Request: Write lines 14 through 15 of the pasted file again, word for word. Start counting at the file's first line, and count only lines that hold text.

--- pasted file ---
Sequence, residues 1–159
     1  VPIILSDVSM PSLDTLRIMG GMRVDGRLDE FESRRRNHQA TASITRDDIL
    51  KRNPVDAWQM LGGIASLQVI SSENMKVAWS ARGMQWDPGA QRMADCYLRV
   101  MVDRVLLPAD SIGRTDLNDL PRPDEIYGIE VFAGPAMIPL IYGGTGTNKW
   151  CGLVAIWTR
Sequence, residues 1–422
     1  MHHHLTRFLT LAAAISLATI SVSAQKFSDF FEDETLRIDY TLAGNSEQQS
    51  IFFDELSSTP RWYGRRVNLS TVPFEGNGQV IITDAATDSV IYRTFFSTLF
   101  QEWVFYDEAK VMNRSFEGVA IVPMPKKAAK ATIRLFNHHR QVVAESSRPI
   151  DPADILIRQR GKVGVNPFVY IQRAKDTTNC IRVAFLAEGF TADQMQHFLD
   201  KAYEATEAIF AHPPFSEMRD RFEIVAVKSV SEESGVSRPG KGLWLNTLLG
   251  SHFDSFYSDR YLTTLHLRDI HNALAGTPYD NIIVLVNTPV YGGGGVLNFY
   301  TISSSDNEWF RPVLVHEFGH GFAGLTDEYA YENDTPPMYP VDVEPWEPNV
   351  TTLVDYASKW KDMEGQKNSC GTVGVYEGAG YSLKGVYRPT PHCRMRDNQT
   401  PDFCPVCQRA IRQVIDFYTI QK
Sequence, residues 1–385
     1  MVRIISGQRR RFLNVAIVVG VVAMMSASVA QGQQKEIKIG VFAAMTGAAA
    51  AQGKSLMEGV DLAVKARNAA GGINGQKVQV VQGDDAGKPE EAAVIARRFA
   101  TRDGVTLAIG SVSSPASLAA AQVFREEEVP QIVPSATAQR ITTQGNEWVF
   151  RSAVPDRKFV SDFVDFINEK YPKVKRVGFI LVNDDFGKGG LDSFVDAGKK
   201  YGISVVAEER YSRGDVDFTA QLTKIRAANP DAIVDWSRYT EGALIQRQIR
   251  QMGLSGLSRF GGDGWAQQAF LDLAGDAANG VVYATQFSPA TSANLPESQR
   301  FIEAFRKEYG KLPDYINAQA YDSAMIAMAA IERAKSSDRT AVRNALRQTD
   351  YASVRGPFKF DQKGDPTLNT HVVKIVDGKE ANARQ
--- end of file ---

   351  TTLVDYASKW KDMEGQKNSC GTVGVYEGAG YSLKGVYRPT PHCRMRDNQT
   401  PDFCPVCQRA IRQVIDFYTI QK